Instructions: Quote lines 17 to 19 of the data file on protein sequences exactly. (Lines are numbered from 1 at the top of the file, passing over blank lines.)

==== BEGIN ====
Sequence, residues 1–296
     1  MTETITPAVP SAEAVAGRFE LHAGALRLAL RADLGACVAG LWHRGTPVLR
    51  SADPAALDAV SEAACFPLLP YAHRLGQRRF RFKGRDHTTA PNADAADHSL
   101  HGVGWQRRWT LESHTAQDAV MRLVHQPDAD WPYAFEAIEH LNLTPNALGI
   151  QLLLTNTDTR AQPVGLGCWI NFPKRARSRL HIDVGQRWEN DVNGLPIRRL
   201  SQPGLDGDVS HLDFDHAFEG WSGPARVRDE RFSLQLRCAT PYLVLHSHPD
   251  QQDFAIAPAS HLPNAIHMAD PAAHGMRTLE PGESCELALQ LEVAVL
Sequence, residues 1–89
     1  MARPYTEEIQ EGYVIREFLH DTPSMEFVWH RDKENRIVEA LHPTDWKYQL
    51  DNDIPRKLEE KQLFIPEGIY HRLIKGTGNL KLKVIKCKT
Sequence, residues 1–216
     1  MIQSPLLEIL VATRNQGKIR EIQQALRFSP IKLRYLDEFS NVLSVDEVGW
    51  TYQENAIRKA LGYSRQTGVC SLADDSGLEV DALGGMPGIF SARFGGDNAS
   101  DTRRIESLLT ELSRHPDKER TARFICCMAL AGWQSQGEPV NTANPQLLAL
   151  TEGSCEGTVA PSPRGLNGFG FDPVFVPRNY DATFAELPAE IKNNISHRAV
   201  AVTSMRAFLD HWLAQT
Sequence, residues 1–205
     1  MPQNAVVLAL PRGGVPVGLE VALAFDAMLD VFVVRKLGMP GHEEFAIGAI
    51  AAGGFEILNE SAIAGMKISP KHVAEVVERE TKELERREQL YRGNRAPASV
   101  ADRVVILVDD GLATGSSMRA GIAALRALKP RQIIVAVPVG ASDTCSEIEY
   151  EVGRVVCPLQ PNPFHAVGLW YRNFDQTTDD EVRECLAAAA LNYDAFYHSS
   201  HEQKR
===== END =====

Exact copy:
Sequence, residues 1–205
     1  MPQNAVVLAL PRGGVPVGLE VALAFDAMLD VFVVRKLGMP GHEEFAIGAI
    51  AAGGFEILNE SAIAGMKISP KHVAEVVERE TKELERREQL YRGNRAPASV